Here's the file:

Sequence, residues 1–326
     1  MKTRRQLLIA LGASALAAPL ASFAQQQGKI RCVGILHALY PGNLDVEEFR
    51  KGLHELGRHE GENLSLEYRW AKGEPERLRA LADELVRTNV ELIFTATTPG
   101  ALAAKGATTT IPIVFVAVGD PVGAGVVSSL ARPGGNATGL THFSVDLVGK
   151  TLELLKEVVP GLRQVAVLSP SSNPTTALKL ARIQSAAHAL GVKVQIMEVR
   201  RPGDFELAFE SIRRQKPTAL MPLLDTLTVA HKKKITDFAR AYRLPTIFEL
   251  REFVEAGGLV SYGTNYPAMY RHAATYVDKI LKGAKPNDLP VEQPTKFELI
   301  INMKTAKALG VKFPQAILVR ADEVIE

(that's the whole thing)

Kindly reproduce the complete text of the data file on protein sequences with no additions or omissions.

Sequence, residues 1–326
     1  MKTRRQLLIA LGASALAAPL ASFAQQQGKI RCVGILHALY PGNLDVEEFR
    51  KGLHELGRHE GENLSLEYRW AKGEPERLRA LADELVRTNV ELIFTATTPG
   101  ALAAKGATTT IPIVFVAVGD PVGAGVVSSL ARPGGNATGL THFSVDLVGK
   151  TLELLKEVVP GLRQVAVLSP SSNPTTALKL ARIQSAAHAL GVKVQIMEVR
   201  RPGDFELAFE SIRRQKPTAL MPLLDTLTVA HKKKITDFAR AYRLPTIFEL
   251  REFVEAGGLV SYGTNYPAMY RHAATYVDKI LKGAKPNDLP VEQPTKFELI
   301  INMKTAKALG VKFPQAILVR ADEVIE